Figure 5. Measured Sugarbeet root lengths under several water managements as function of the crop development stages (DVS). The continuous line shows the SWAP original function (after Utset et al. 2007b).
Likewise, Figure 6 depicts the Mediterranean-considered and the SWAP-original Kc and Ky coefficients as functions of the development stages. Unlike the original SWAP value, which sets the same Kc coefficient for all the sugarbeet crop development, we consider a variable Kc. Velicia (1998) showed that sugarbeet water requirements are lower than the maximum reference evapotranspiration during the initial growing period. However, sugarbeet water needs increase significantly after completing foliar development and starting the root-growing period (Velicia, 1998), which might be considered for a DVS of around 0.8. Crop water needs are reduced close to maturity. Furthermore, the relationships between sugarbeet transpiration and root yield should not be considered as linear, as originally in SWAP. A reduction of actual sugarbeet transpiration regarding its potential transpiration may imply no serious yield reduction during initial leaf development, but such a reduction has significant consequences on final yields at the beginning of the root growing period (Velicia, 1998). The Ky coefficient, as well as the relative importance of water shortage in Mediterranean sugarbeet yields, can be linearly reduced after the initial root-growing period (Velicia, 1998).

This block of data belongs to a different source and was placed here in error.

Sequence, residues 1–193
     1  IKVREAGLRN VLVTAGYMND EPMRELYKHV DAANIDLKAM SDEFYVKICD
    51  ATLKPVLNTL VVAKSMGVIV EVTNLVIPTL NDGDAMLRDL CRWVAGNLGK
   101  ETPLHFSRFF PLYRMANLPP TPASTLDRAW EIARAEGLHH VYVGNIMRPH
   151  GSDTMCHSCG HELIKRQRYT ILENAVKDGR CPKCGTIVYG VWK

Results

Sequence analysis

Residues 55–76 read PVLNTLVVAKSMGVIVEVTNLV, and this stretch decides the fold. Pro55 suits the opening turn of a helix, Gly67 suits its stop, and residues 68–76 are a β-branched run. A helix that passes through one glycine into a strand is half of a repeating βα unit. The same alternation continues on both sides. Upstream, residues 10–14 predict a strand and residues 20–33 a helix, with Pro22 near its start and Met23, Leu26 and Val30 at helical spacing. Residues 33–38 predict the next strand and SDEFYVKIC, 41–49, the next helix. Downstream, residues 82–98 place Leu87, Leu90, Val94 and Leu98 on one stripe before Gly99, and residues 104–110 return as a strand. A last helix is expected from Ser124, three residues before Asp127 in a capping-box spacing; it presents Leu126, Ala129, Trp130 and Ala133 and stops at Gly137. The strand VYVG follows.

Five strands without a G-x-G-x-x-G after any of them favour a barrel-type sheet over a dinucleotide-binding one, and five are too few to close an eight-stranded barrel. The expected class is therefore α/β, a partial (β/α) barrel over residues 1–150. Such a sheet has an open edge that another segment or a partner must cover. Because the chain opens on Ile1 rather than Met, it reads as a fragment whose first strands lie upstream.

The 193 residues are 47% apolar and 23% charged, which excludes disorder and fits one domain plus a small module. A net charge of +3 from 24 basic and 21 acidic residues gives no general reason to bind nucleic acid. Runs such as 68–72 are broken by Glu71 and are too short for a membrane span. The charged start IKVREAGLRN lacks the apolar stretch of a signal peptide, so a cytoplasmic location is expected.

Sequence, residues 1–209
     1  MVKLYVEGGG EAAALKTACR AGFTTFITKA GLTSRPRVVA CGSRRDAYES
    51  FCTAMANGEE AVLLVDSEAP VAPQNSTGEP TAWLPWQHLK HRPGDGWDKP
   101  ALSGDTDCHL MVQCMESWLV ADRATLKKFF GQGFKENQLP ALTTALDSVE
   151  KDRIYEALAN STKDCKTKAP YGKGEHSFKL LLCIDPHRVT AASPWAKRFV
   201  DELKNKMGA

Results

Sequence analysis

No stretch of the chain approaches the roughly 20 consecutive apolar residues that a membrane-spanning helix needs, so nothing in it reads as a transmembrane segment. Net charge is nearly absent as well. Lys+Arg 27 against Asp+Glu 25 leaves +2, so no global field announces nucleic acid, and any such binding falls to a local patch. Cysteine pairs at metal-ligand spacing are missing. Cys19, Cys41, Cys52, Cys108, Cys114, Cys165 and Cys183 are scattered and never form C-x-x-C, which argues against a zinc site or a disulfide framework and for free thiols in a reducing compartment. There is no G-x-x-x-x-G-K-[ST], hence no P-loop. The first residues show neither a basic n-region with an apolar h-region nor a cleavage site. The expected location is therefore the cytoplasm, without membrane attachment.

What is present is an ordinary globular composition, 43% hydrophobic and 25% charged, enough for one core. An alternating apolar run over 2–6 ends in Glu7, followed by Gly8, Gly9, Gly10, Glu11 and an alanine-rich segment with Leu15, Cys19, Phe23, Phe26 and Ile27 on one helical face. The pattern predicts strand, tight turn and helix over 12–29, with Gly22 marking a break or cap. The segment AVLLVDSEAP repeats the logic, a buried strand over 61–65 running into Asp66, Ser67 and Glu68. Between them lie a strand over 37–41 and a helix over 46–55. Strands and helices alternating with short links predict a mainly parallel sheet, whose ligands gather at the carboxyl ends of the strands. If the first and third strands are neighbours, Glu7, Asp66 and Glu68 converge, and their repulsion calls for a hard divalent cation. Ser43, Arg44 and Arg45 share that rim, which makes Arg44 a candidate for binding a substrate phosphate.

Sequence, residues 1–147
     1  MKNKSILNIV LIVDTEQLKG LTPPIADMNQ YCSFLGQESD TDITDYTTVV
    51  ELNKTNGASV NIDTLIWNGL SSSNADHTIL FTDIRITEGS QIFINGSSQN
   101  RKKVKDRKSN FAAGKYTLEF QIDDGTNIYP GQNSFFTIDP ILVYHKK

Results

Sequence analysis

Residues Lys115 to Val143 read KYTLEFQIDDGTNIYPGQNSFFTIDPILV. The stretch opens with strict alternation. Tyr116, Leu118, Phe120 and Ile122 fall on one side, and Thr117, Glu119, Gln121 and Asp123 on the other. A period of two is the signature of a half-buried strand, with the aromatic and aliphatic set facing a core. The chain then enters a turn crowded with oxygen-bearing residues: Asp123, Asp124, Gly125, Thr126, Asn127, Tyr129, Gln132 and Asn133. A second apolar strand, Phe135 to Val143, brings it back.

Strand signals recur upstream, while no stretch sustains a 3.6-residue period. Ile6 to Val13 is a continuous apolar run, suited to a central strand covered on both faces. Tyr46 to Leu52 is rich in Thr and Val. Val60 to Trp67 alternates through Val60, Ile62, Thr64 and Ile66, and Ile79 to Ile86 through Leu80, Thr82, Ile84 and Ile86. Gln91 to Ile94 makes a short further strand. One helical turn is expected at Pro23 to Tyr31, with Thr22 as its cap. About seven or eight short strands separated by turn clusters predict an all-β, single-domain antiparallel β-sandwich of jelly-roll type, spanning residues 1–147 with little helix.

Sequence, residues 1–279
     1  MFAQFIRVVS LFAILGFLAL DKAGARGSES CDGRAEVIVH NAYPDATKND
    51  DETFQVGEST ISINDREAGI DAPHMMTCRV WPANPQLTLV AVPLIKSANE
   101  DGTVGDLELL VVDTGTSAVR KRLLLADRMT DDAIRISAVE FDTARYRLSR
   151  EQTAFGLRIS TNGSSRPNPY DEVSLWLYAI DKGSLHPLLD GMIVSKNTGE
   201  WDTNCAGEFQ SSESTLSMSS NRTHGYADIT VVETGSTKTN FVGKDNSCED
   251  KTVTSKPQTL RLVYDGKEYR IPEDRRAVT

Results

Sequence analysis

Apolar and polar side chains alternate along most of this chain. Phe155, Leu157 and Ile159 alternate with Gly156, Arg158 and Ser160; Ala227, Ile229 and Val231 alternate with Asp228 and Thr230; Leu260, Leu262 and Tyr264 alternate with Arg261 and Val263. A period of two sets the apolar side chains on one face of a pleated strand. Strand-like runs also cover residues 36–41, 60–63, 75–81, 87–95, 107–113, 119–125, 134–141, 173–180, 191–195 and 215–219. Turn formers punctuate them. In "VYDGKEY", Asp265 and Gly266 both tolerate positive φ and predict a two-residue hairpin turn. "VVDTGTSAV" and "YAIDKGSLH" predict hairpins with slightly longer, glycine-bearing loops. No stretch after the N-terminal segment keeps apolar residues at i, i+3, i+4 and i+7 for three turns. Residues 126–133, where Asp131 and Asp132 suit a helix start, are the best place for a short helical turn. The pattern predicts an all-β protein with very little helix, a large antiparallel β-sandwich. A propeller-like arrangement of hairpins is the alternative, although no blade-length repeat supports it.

Figure 7 depicts the relationship between the measured yields and the simulated relative yields, as well as the corresponding regression line. The data in Figure 10 comprise all the pairs of simulated-actual yields, regardless of water managements or soil types. As shown in Figure 7, lower actual yields start notably at the 1:1 line, while yields of above 50 t/ha generally correlate well with the simulated relative yields. Indeed, SWAP only takes into account the yield reductions due to water shortage. However, final yields rely on many other issues besides water availability, such as weed infections, diseases or nutrient deficiency. Furthermore, relative yields are always estimated as one if irrigation water is sufficient, whereas actual yields are variable. That is why the dispersion shown in Figure 10 is higher around the highest simulated relative yields.
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